Qi – Definition, Traditional Chinese Medicine

What is Qi?

In Traditional Chinese Medicine (TCM), the way of conceiving life, health and disease, of making diagnoses and developing treatments is based on an a priori: the speculative idea that everything that surrounds us and constitutes us is essentially the result of the same fundamental component: Qi (pronounced tchi). Thus, all matter comes from a condensation of Qi, even if the Qi itself remains invisible. We can say that Qi corresponds to everything that is perceptible but intangible1.

The term is often translated by Energy or Breath, a reassuring translation for the Western mind, but which involves a certain prejudice. In the West, the term energy refers to measurable phenomena such as electrical, electromagnetic, nuclear, heat or mechanical energy. To get closer to the oriental meaning, we must turn to the Greek root energeia (force in action) which includes vitality, physical or moral strength, as well as the vigor or power of an organism. We can also think of the pneuma of the Greek philosophers: the breath of life.

Another way to translate the term Qi is Vital Energy. However, the qualifier vital must here be taken in a broad sense; in Chinese thought, everything – living beings as well as the inanimate world – is inhabited by the same vital energy (which could, at the limit, be associated with the movement of elementary wave-particles). “The universe perpetually self-perpetuates in constant evolution (…) from a unique material, the primordial Breath or YuanQi, which is neither matter nor spirit ”2.

If the action of Qi is located in several places of the body, we will qualify this Qi as an attribute linked to its function, its circulation or its origin. For example, the YuanQi, which is translated as Original Energy, is a general Energy which supports all the activities of the organism. Original means both that it comes from MingMen, the zone of emergence of vitality located between the Kidneys, and that it is at the origin of all vitality in the organism, since conception. Another example, the YingQi is the nourishing energy, that which circulates in the Meridians, as well as in the form of Blood, in the vessels. However, the term YingQi is also used to refer to the nourishing exchanges, the dynamism made possible by the circulation and absorption of nutrients in all the structures of the body.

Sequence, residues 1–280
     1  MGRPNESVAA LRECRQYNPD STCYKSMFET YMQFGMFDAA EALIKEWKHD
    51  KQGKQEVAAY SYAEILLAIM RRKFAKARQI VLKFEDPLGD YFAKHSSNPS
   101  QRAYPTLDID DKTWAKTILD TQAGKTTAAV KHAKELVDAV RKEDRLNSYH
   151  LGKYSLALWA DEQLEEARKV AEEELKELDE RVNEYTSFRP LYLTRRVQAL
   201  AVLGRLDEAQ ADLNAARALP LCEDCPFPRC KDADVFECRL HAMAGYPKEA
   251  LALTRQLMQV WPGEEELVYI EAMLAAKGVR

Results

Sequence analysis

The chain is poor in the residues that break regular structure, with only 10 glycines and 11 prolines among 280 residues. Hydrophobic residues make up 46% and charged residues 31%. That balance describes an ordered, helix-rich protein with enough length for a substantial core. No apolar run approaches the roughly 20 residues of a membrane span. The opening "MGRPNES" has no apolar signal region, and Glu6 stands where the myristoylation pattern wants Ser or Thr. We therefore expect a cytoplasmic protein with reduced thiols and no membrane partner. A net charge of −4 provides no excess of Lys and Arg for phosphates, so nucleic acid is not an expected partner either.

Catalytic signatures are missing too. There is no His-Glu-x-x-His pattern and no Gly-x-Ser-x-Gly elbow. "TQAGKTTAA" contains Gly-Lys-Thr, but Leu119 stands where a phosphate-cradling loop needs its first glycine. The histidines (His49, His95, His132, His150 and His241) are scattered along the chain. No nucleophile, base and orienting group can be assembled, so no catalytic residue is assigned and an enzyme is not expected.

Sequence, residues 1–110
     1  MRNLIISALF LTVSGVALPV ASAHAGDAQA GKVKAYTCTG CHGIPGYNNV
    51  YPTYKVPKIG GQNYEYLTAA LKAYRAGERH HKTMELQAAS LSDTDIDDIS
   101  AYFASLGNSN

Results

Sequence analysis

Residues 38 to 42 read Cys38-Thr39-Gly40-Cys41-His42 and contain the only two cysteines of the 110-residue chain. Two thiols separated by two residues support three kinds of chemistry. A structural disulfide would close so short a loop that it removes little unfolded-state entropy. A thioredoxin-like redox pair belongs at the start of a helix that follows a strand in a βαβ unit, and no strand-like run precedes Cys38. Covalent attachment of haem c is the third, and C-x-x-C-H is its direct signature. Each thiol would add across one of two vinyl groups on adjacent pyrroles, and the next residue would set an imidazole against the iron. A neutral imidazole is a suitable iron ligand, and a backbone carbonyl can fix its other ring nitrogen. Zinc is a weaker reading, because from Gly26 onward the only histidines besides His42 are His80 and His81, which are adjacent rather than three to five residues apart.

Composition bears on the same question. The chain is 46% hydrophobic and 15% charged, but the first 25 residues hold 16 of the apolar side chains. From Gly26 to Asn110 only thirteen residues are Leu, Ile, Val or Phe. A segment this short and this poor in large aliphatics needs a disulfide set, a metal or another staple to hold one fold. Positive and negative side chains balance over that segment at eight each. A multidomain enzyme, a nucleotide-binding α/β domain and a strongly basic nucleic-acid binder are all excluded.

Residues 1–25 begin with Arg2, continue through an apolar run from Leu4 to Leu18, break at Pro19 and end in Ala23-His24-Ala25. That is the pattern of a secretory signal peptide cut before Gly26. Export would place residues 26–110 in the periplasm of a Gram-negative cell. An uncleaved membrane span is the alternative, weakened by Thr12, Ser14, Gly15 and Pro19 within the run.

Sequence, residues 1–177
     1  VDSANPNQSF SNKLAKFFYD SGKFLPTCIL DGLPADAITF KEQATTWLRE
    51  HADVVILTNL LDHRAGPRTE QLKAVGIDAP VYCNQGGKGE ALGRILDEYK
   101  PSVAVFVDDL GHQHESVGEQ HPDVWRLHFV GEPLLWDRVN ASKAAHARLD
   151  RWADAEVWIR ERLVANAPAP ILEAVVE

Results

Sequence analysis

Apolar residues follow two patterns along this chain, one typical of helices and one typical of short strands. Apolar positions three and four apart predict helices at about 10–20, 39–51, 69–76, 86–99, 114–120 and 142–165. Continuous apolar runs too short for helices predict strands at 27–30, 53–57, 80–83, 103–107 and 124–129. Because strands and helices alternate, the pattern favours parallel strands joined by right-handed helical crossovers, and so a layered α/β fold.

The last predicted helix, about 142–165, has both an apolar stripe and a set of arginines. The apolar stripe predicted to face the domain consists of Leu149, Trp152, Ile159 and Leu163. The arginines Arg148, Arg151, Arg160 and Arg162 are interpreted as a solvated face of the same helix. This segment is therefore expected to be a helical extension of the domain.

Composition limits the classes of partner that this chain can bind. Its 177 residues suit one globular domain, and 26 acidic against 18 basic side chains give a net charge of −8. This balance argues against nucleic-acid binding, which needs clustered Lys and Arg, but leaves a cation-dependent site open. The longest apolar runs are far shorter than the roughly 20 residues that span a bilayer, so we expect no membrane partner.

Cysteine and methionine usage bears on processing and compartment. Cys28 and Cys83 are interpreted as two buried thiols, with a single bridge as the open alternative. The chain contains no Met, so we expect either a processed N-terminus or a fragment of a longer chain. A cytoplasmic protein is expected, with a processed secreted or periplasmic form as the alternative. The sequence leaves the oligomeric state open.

To simplify, we can say that disease is a state of imbalance where the sum of the correct Energies is taken out by what turns out to be perverse Energies. An acute illness is a state of struggle or mobilization of the correct Energies to push back the perverse Energies. A chronic condition usually expresses a medium or long term failure of the correct Energies which no longer manage to regain the initial balance or integrity of the functions and structures of the organism. Any treatment can be summed up as toning up the correct Energies and driving out the perverse Energies, if they are present.

So, when science tries to understand the therapeutic action of acupuncture, for example, it wants to observe its isolated and specific effects: on local vasomotricity, the peripheral nervous system, the spinal cord, central brain activity, endorphins, muscle relaxation, etc. Several studies demonstrate some of the particular effects generated by acupuncture, but they are never able to comprehensively embrace the actions caused by the mobilization of vital energy. They also cannot take into account what the Chinese refer to by the expression Xing Qi Shen Dong: “to circulate the Qi and to move the mind”, the two actions jointly essential to initiate the healing process. So there remains a big gap between traditional Eastern conceptions, which are both simple and holistic, and much more precise and complex scientific theories. (See Foundations.)

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